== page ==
Institutions on the second tier of DC/EP should shoulder more responsibilities. For example, they should have sufficient capital in order to reduce risks, especially for the payment system, which may lead to big shocks if risks arise.

As the main anti-money laundering bodies, these institutions should know their clients well. And they should protect clients’ privacy. They also need to invest a lot in technology, equipment, operations and maintenance. There will be bargaining in the process.

The current digital currency project structure in China is mainly based on the digital RMB’s dynamic, competitive two-tier operational system, which has multiple alternative plans.

In the process of technology evolution, users should be the key group to evaluate the technology and we should prevent monopolies. A monopoly sometimes hinders the choice of new technology route in the next step. Blockchain and the distributed ledger technology have always been part of the solution that is the two-tier digital RMB system.

At present, we are still in the process of research and development, constantly solving technical problems, especially the problem of information processing capacity. The number of transactions handled per second is still under development and improvement.

There are five technology plans for DC/EP-the account-based electronic wallet, the QR code, NFC(near field communication) payment, bank cards on mobile phones, and prepaid cards. These technologies are not quite the same as the so-called central bank digital currencies or CBDC developed in the G7 members, which is not even a methodology in the CBDC system.

The second-tier institutions of the DC/EP system actually have the ownership of e-CNY and the guarantee of payment, as well as the relevant system, technologies and equipment. The central bank has studied the bank note issuance mechanism in Hong Kong, which functions through three issuance commercial banks delegated by the Hong Kong Monetary Authority.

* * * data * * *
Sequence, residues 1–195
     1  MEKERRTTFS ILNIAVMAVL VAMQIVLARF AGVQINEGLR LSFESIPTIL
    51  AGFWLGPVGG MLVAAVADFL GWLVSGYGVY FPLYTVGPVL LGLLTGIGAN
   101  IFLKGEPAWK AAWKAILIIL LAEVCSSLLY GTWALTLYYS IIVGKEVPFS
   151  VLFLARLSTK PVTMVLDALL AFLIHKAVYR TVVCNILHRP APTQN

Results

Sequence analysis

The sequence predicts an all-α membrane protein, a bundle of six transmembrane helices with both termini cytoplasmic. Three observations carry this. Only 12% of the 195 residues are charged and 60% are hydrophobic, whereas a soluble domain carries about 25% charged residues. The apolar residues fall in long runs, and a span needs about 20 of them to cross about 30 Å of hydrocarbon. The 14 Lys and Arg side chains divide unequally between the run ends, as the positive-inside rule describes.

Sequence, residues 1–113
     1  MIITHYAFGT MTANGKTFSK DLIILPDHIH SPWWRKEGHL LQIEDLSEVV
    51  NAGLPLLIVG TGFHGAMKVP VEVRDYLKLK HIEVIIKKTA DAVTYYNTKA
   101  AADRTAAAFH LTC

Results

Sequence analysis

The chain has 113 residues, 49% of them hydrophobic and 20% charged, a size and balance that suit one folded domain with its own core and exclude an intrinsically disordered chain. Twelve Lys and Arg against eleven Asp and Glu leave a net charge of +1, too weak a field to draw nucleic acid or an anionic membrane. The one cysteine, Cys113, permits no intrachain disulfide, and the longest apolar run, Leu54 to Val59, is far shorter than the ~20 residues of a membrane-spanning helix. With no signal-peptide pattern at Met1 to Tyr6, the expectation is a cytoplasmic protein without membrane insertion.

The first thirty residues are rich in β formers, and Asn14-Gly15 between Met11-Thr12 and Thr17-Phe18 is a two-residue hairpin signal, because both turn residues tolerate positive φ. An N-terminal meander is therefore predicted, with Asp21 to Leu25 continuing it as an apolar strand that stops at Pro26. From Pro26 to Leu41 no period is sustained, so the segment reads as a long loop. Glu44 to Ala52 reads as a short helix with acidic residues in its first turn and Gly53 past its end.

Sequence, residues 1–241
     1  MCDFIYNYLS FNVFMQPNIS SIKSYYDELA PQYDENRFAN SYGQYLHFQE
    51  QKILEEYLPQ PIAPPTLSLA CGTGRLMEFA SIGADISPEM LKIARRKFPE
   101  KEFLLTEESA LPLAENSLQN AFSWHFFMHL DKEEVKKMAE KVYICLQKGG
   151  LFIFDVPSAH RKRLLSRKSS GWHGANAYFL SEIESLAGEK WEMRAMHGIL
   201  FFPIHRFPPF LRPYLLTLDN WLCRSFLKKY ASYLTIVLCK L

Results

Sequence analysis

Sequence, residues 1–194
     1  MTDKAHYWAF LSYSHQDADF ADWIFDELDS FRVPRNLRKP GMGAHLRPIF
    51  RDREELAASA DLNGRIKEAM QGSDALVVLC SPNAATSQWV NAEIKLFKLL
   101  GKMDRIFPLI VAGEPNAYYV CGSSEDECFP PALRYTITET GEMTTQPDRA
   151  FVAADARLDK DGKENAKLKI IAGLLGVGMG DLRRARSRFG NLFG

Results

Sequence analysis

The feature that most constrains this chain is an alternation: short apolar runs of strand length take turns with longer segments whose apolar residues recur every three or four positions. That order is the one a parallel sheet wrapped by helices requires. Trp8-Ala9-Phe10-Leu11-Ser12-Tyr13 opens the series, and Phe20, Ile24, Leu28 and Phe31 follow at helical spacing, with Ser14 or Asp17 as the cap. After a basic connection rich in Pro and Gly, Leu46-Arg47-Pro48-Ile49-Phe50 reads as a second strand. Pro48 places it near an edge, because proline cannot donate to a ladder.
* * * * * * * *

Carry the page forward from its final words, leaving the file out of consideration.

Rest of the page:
When we talk about the e-CNY and cross-border payment, we should consider issues related to anti-money laundering, anti-terrorism financing and drug dealing, which are all big concerns for the international community. In addition, China has another concern: gambling.

If the digital currency is to be traded across borders, it should be based on retail. Under such circumstances, we should also respect policies and legal provisions in different jurisdictions, respect currency sovereignty, exchange rate regimes, and exchange and remittance regulations.

Depending on the technical measures, many problems can be solved at the moment of payment, which would be very convenient. For example, during the payment process, whether or not the blockchain technology is used, there may be smart contracts or the control of payment conditions.

The development of digital currency in China can be steadily and slowly pushed forward. First, the goal is to establish a solid retail payment system. On this basis, we should first focus on the payment of cross-border tourism and payments for trade in goods and services, while respecting the mindset of some countries keen to prevent dollarization.

In this process, the internationalization of the RMB must not be based on coercion, and we should not make people worry that the RMB will dominate the international currency system. The central bank should mainly focus on the key link of clearing to maintain cross-border payment cooperation.


This is an abridged, edited version of Zhou Xiaochuan’s speech at a seminar held by the National School of Development, Peking University, on Nov 27.


Zhou is chairman of the China Society for Finance and Banking and former governor of the People’s Bank of China, the central bank.